Luxury band members on the other hand remembered Christians returning their albums to Christian bookstores over perceived edgy lyrics. Some noted hints of “queerness” in the lyrics, but lead singer and songwriter Lee Bozeman was and is a married man and said Christians have an “inability to take a joke.”
The band’s Christian distributor, too, threatened to withhold distribution unless Bozeman gave an “apologetic” for all their ostensibly clean lyrics. The married man mentioned being “nude” in one song, for example, but he didn’t curse or use sexually explicit language in his songs.
Despite the rebellious punk perception in the Christian world, Luxury band members were committed to church, declined offers of drugs on tour, and lived a pretty party-free lifestyle. Meanwhile they watched friends in contemporary Christian music (CCM) bands leave the faith.
“There are all these podcasts now of former Christian bands who are just totally jaded,” said Chris Foley, Luxury’s bassist.
Pedro the Lion, another band that was once on Luxury’s label, Tooth & Nail, had crossover success. In an email to my mother when I was in college and on my way to a Pedro the Lion concert, I stated with the earnestness of a college student that Pedro the Lion’s David Bazan was “one of the few truly talented and cutting-edge Christian musicians of this epoch.” But the year after I saw him perform, David Bazan dissolved his band and began publicly distancing himself from Christianity.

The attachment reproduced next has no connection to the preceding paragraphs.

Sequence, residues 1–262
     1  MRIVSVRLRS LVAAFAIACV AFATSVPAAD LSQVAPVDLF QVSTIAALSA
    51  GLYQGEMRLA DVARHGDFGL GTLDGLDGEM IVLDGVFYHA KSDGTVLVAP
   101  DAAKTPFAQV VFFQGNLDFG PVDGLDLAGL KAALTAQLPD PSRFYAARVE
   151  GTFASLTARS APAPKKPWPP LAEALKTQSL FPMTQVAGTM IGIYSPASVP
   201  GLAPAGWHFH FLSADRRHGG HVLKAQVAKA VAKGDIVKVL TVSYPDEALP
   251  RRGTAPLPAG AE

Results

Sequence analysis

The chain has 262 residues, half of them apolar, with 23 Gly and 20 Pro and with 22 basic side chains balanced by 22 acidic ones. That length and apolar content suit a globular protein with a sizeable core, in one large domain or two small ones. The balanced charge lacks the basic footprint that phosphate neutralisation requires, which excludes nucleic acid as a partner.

Haste the Day, a Christian metalcore (a combination of heavy metal and hardcore rock) band from the early 2000s whose members always announced their faith at shows, found crossover success but kept their faith. Several of the band’s albums broke through to tops of Billboard charts. The band’s name comes from a line in the hymn “It Is Well.”
“For some reason with music, and maybe not any other thing in the whole world, we mistakenly and to our detriment call music Christian or secular,” said Devin Chaulk, who was a drummer for Haste the Day, which was at one point on the same label as Luxury. “No one is a Christian electrical engineer or a Christian race car driver. You don’t have to make Christian art, just make art.” He attributes the divide to “longtime entrenched industry happenings.”